The long-anticipated tenth Review Conference of the Parties to the Treaty on the Non-Proliferation of Nuclear Weapons (RevCon), which began only two days ago, on 1 August, comes at a time of precarity within the nuclear non-proliferation regime.
Il Focus Sicurezza Energetica guarda alle principali dinamiche della Energy Politics prodottesi nel primo quadrimestre del 2022. Lo sguardo è rivolto alle ricadute della guerra in Ucraina sugli scenari energetici maggiormente coinvolti dalla crisi, con un'attenzione particolare ai segnali di riposizionamento di paesi produttori e consumatori dello spazio eurasiatico e atlantico.
The war in Ukraine and the subsequent energy decoupling between Brussels and Moscow represent the greatest challenge so far vis-à-vis Europe’s green transition. Not only has the conflict highlighted how fossil fuels are still essential to power EU industries and day-to-day life, but the scramble for alternative sources has also diverted valuable resources from investment in renewables, forcing the Union to draft contingency plans.
The transition from energy systems dominated by fossil fuels to ones based on renewable electricity and carbon-free molecules will significantly impact existing value chains and transform production to consumption lifecycles, dramatically altering interactions among stakeholders.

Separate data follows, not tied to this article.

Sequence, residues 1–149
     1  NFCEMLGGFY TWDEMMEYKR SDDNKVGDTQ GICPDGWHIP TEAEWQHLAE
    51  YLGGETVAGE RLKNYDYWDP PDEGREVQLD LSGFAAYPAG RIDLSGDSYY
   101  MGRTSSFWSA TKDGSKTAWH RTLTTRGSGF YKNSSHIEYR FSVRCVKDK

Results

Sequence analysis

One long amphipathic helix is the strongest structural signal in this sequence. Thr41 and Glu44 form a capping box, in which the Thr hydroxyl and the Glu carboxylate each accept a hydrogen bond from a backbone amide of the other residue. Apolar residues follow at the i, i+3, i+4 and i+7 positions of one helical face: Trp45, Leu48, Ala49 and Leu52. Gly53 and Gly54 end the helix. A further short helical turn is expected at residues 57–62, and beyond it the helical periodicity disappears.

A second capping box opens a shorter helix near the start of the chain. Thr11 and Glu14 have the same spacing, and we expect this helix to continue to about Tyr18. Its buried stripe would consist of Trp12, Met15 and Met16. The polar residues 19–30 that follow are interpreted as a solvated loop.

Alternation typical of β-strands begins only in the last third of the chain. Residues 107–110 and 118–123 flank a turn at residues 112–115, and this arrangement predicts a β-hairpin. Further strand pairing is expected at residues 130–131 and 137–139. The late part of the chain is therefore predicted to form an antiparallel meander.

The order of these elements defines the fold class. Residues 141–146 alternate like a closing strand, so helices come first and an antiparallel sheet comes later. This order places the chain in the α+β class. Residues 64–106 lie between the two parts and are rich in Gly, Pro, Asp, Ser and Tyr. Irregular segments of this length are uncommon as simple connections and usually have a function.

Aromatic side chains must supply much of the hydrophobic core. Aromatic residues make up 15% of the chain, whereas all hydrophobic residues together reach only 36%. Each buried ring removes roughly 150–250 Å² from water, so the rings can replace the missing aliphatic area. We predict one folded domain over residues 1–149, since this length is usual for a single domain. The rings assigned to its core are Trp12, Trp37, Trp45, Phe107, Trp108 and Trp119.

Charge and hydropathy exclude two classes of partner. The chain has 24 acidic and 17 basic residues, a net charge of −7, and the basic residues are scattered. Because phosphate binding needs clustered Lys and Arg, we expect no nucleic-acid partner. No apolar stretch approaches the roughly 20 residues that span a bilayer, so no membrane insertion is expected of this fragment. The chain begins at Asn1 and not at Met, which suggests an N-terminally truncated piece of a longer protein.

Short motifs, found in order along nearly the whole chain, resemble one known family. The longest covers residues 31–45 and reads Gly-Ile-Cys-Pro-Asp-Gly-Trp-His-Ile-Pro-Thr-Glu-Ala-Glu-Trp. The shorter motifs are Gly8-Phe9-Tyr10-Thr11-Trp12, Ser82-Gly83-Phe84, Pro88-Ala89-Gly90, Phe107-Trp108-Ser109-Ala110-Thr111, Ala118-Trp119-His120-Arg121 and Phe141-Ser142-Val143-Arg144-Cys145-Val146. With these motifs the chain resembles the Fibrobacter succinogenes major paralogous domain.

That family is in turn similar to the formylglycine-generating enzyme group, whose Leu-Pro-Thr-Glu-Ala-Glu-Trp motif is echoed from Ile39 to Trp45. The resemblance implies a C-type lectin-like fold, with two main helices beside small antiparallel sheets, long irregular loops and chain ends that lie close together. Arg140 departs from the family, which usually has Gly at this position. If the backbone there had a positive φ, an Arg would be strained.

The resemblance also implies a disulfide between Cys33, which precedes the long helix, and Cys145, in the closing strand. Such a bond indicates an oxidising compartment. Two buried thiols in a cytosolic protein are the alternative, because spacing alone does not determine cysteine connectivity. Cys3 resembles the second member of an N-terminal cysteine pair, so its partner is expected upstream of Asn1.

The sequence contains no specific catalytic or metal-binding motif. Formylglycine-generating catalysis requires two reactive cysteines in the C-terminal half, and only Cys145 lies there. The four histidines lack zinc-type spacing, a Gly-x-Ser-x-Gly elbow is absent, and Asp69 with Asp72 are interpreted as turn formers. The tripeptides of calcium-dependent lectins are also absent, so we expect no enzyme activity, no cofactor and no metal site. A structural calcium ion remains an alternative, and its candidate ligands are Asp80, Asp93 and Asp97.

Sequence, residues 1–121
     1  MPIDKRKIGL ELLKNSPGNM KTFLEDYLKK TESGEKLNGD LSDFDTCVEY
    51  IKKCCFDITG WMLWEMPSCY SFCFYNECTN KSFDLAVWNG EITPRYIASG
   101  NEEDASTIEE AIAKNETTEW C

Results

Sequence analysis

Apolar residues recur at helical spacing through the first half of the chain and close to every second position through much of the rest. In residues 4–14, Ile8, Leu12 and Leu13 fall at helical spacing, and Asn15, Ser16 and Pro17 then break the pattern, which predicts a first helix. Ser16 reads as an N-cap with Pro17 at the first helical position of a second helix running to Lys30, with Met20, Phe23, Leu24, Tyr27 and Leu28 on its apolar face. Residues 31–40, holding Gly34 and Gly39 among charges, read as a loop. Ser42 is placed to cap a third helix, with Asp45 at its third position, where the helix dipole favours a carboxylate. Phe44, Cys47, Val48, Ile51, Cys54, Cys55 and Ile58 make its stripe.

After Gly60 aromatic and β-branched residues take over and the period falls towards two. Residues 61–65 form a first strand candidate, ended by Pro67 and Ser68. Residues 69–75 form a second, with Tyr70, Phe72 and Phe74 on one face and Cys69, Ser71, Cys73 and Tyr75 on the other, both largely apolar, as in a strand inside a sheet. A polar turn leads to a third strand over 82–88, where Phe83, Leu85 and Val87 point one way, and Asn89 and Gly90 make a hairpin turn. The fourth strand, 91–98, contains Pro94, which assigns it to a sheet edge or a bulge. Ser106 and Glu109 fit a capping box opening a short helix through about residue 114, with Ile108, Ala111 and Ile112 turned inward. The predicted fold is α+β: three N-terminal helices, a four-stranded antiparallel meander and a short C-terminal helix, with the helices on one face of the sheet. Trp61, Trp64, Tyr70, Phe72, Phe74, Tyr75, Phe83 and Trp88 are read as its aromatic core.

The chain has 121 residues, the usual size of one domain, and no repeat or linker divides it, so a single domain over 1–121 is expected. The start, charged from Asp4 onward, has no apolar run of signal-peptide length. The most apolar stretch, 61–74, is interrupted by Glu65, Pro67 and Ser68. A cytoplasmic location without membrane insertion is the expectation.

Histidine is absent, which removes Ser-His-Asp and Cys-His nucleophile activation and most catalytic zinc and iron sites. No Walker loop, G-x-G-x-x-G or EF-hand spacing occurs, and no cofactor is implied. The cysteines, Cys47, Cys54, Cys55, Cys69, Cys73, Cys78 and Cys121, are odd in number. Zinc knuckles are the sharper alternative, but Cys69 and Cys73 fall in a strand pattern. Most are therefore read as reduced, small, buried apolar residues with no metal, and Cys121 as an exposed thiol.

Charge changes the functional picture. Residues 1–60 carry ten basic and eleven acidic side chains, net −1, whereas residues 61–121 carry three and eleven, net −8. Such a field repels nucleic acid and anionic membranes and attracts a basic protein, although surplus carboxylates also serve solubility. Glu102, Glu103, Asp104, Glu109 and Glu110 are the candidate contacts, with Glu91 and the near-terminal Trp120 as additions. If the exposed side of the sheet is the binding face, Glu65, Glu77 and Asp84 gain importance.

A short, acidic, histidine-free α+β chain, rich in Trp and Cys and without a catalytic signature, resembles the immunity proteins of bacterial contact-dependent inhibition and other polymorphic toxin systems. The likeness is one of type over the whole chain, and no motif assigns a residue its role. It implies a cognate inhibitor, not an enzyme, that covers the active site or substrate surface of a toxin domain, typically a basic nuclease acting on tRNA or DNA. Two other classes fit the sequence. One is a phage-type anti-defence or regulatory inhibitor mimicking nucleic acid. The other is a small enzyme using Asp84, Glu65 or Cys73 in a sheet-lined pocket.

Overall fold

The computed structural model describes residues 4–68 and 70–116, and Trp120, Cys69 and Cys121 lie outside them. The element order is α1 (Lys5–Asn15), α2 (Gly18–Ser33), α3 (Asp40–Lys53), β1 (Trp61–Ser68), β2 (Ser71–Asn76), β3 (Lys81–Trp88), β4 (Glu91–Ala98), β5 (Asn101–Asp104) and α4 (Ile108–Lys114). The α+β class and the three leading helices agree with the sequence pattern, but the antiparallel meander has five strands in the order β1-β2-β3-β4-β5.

In a world where the population is increasingly urban, the effects of climate change are progressively reducing the availability and quality of raw material and natural resources. At the same time, disruptive events such as the Covid-19 pandemic and the war in Ukraine are calling for a rethink of self-sufficiency, local production and renewable energy, and the circular economy is coming to the fore as a key driver to help cities and regions boost future economic growth.
The Russian invasion of Ukraine, launched on 24 February 2022, has been a watershed moment in many ways. Not only it has brought large-scale conventional war back to European soil after decades of peace, but it has also disrupted a large number of trends on a continental and global scale. Among the domains worst affected by the conflict, energy – and the energy transition – features prominently, with two diverging effects.
Infrastructure’s long-term horizon, high upfront capital costs, and risk of stranded assets have all contributed to investors’ greater awareness of sustainability and climate-related risks. However, the growing interest in including ESG factors into financial decisions still falls short of meeting Paris Agreement objectives and averting a climate disaster. Therefore, how can we speed up the investment in infrastructure aligned with a sustainability transition?
The world is facing sustainability challenges and constraints due to resource depletion, wasteful and harmful production and consumption, and the emerging impacts of climate change.
In the past few weeks, the treatment of waste has been receiving increasing attention in the media further to the proposal of the Mayor of Rome to build a large waste-to-energy plant to treat some of the capital’s refuse.
Before assessing the Italian situation, we should recall that the treatment of waste, and in particular its conversion into energy, is not happening in a legislative vacuum but it is strictly regulated by European Union laws.